Things to do
There is a big variety of activities available on Barbados. The island has more than 50 beaches and they are all public. Besides a few stretches on the West coast most beaches are easily accessible. On the East (Atlantic) coast swimming is not recommended in most locations and rather dangerous due to strong currents. However, there are great surf spots. The “Soup Bowl” in the village of Bathsheba is host to an annual competition in November. One of the most beautiful beaches for many locals which is also good for swimming is Miami beach in the South of the island. There are also great spots for windsurfing mostly in the South.
Cricket is the #1 sport of the island due to its colonial heritage. The annual Barbados Gold Cup in Sandy Lane attracts many spectators as one of the Caribbean’s best known horse race. The center for nightlife is on the West coast. A variety of bars, clubs, and restaurants can be found at the St. Lawrence Gap or “The Gap”. If you like to mingle with locals Baxter’s Road is a good recommendation for a night out.
Transportation to and on the island
A number of international airlines offer service to Barbados from the US and Canada as well as from many European countries.
Direct flights from several major North American airports such as Miami and Toronto are available with e.g. Caribbean Airlines, American Airlines, JetBlue. British Airways has direct flights from London Gatwick almost daily while Condor has a service from Frankfurt twice a week. Many Caribbean islands can easily be reached with Caribbean Airlines or LIAT. If you arrive in Barbados on a Cruise Ship or start your cruise in Barbados you will be at the harbor just outside of the Capital Bridgetown.
Public transportation on Barbados is fairly well established and available to and from popular visitor destinations. Look out for the read and white bus stop signs indicating if the route takes you “to city” or from city – always referring to Bridgetown as “city”. The standard fee is BD 2 (no foreign currency accepted) and can be paid on the bus. For travel to remote places or during later hours a rental car is recommended especially if you plan to explore areas outside of Bridgetown. Most big international rental car companies have offices at the international airport.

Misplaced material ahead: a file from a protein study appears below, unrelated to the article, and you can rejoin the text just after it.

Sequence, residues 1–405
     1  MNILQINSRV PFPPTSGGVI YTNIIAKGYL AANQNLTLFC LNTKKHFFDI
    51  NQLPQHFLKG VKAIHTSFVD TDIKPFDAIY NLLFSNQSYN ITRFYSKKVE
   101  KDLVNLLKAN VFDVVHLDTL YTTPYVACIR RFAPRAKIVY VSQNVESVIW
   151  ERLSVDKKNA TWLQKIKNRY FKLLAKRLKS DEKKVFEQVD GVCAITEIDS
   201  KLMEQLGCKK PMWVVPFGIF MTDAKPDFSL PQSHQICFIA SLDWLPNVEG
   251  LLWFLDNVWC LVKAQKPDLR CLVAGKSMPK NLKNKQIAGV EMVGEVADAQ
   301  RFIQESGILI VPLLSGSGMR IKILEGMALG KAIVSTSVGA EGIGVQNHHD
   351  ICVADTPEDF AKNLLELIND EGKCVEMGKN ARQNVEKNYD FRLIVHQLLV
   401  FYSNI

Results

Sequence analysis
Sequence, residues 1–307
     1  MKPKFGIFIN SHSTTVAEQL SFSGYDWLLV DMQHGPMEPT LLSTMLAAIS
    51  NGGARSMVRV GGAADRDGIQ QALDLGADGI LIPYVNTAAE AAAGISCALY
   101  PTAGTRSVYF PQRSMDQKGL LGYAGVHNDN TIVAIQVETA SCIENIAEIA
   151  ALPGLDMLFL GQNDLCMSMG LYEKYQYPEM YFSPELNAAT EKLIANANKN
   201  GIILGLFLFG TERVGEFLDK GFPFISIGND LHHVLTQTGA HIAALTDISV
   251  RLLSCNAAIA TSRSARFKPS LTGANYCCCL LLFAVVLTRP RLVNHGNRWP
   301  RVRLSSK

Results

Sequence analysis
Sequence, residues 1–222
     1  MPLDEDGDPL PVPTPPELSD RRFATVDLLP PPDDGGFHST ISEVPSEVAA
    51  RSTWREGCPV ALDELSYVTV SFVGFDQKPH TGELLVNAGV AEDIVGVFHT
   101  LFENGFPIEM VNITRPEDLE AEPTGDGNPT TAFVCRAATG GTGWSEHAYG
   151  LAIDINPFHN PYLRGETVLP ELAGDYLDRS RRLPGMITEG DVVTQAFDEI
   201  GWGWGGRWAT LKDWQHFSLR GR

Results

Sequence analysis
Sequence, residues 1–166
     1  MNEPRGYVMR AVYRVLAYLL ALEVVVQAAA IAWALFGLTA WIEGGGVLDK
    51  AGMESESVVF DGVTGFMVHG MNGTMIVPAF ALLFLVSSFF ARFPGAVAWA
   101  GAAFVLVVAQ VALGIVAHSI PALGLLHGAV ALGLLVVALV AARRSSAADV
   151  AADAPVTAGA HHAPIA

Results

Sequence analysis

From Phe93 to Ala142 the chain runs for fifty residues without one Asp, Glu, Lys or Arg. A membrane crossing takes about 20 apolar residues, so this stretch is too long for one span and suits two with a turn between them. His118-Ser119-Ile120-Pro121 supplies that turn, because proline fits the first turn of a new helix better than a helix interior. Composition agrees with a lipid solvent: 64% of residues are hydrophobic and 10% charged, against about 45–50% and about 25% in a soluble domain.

Warm and sunny best described Bajan weather for the most part. With more and 3,000 sunny hours per year and temperatures usually not over 30°C (86°F) Northeast winds also help keep the heat at a bearable level. While the dry season lasts from January to June rain fall usually comes in showers.
People and Culture
It is not an advertisement feature that Barbadian people are exceptionally friendly and warm. With their energy, their smile and love of life it is impossible to escape the charm of the island and its people. Whether it is the beach vendor or a fellow passenger on the bus – you will always find someone in the mood for a chat willing to share their point of view. Two unique parts of Bajan culture are the Tuk Band and the Landship. While the Tuk Band is a collection of musicians playing drums and a whistle and creating an extremely infectious rhythm the Landship is a dancing group performing popular dances in traditional attire. Both can be seen at local festivals.
Barbados was first discovered in the late 15th century. Although the Spanish and the Portuguese visited the island first it was claimed by the British. First European settlers from England came to the island in 1627. Barbados remained a British colony until it gained its independence in 1966. This makes it the only Caribbean island that did not change colonial powers over the centuries. Barbados is now part of the Commonwealth of Nations. The background of the island’s name “Barbados” is not completely clear. Although it is agreed that it refers to “The Bearded” this may have its origin in the roots of the fig tree that is very common on the island and which looks like a beard. It may also have its origin in the beards of the Caribs being former inhabitants of Barbados though.
Geography & Geology
Barbados is the easternmost island of the lesser Antilles neighboring Saint Vincent and the Grenadines (about 100 miles / 170 km West) and Trinidad and Tobago (about 250 miles / 400 km Southwest). Unlike most of the lesser Antilles Barbados is quite flat with Mount Hillaby (335 metres / 1,120 feet above sea level) being the highest peak. The reason for this lies in the geological history of the island. It lies right on top of the boundary of the South American and the Caribbean plate and mostly consists of sediments and the remains of corals. The very specific landscape with many caves and gullys of Barbados is a result of the erosion of mostly limestone rock. In recent years some of them have been converted into popular tourist attractions such as Harrison Caves and Welchman Hall Gully.